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01 Sep 2007 | Text and photos by Andy Hum | Category: Car Ownership Advice

Safety is your utmost priority when it comes to your family. From seatbelts and airbags to brake pads and child seats, drivers should never take things for granted.

It is against the law for a child below the age of eight to ride in a car without a child car seat. A child can be thrown forward with a sudden jerk, even at a slow speed. The force which acts on the child is many times that of his body weight.

When installed properly, a child car seat ensures that your child is not thrown around in the vehicle during sudden maneuvers. A normal seat belt may not work the way it does for an adult, as a child can easily slip through the seat belt.

Guideline for choosing a child car seat

Age Weight Type of Car Seat
Babies: up to 9mths Up to 10kg Infant capsule rear-facing car seat
Toddlers: 9mths - 4 yrs 10kg - 18kg Convertible forward-facing child seat
Children: 4 yrs - 6 yrs 15kg - 25kg Booster seat
Children: 6yrs - 8yrs 22kg - 36kg Booster cushion

Infant capsule rear-facing car seat
They can be used in the front or in the rear of the car. It is safer to put them in the rear. DO NOT put them in the front passenger seat if there is a passenger airbag. Rearward-facing seats provide greater protection for the baby's head, neck and spine than forward-facing seats. Thus, it is best to keep your baby in a rearward-facing seat for as long as possible. Switch to a forward-facing seat once your child has exceeded the maximum weight for the baby seat, or if the top of your child's head is higher than the top of the seat.


Convertible forward-facing child seat
They can be used in the front or in the rear of the car. It is safer to put them in the rear, especially if there is a passenger airbag in the front. Switch to a booster seat when your child has exceeded the maximum weight for the child seat, or if the top of your child's head is higher than the top of the seat.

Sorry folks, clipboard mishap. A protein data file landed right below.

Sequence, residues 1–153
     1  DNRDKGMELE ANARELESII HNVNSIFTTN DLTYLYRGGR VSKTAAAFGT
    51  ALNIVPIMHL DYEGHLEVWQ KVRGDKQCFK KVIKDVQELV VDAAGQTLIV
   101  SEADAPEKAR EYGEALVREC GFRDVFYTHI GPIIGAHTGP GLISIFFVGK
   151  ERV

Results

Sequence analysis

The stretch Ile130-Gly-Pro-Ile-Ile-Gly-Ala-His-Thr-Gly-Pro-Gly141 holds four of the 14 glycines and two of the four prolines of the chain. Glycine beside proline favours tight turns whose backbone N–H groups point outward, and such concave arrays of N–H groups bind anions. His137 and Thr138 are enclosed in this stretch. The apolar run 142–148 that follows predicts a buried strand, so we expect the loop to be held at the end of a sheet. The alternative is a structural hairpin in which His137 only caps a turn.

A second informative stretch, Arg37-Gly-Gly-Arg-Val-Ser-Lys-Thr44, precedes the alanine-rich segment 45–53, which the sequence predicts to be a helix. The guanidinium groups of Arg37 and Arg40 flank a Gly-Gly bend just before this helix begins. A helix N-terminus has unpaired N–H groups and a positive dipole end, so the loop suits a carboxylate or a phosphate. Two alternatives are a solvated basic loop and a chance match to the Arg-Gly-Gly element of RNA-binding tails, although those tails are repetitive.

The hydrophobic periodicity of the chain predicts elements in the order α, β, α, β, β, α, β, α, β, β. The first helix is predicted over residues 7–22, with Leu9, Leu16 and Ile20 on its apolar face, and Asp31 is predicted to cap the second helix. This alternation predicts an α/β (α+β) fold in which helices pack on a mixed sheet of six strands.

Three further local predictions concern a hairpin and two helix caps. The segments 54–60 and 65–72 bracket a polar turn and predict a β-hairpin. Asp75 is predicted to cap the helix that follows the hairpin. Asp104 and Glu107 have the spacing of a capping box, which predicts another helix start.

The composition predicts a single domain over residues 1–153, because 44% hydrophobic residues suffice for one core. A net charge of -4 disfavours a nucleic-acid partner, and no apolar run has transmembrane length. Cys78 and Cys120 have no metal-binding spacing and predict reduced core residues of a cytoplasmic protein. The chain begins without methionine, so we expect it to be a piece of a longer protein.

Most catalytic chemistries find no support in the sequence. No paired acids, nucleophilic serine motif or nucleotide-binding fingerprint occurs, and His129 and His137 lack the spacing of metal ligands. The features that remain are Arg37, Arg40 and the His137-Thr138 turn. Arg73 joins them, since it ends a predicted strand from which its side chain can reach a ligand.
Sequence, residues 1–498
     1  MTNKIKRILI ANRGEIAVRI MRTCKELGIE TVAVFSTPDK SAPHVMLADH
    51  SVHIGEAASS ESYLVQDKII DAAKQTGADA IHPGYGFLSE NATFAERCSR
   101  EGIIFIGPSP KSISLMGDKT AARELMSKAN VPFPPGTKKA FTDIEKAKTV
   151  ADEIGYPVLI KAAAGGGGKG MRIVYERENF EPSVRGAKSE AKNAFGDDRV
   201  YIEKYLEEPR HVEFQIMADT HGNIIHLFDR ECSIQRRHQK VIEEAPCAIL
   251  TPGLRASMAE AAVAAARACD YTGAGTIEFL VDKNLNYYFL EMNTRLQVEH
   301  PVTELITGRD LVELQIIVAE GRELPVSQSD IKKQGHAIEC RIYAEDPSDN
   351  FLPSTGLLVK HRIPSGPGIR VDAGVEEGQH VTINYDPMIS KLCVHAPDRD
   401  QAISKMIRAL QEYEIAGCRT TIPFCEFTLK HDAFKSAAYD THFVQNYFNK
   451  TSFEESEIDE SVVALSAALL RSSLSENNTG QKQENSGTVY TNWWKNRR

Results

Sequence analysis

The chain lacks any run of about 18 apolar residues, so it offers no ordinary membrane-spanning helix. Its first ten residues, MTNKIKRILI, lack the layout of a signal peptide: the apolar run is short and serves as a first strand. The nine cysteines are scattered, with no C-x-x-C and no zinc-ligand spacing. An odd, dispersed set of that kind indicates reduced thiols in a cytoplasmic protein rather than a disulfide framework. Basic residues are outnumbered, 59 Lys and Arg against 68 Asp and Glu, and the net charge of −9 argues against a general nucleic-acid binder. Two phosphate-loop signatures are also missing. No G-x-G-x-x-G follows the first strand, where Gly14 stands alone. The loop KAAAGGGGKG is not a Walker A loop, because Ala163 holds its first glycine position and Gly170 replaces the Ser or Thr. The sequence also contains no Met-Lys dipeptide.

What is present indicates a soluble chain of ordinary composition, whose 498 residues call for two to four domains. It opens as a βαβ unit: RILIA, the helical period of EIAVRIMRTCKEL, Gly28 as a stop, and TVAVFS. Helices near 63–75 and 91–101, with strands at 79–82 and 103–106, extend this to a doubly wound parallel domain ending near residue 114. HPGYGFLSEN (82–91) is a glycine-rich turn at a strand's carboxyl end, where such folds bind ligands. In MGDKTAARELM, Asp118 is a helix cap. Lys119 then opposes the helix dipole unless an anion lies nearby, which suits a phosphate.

Booster Seat
They can be used in the front or in the rear of the car. It is is safer to put them in the rear, especially if there is a passenger airbag in the front.
Some booster seats are designed to be converted into a booster cushion by detaching the back rest.

Booster Cushion
They can be used in the front or in the rear of the car. It is safer to put them in the rear, especially if there is a passenger airbag in the front.
Booster seats and booster cushions do not have an integral harness to hold the child in place. The adult seat belt goes around the child and the seat. So it is important that the seat belt is correctly adjusted.

Some basic points to note

• the belt should be worn as tightly as possible.
• the lap belt should go over the pelvic region, not the stomach.
• the diagonal strap should rest over the shoulder, not the neck.

For babies under 9 Kg
A baby's neck and back muscles are not strong enough to withstand the forces which come about when a baby is thrown forward. His brain may be damaged if his skull not well protected.

Some guidelines are:
Have a car seat for your newborn right from the start.
Always position the seat such that the baby faces the back of the vehicle.
During a sudden stop, the force is spread evenly across the baby's whole body, pushing the baby against the padded back of the seat.

It is safer to put children, including babies, in the rear of the car. Some parents prefer to put babies in the front so they can keep an eye on them. However, it is very dangerous to put a rearward-facing baby seat in the front if there is an airbag fitted on the passenger side. The baby seat will be very close to the dashboard. If the airbag is activated, it will strike the baby seat with considerable force.

It is not as dangerous to fit forward-facing seats in the front when there is an airbag present (although it is still better to put them in the rear). However, do make sure that the car seat is pushed as far back as possible. The child seat should be securely held to maximise the distance between the child and the airbag.

Metal fittings on child seats may become very hot if the car is left in direct sunlight. Prevent accidental burns by covering the seat if you have to leave the car in the sun.
Do not buy second-hand child car seats. They may have invisible defects and will not offer adequate protection for your child.
Taxi are exempted from the child seat requirement, as it would not be reasonable or practical for them to carry the variety of different-sized child seats suitable for children of different ages.
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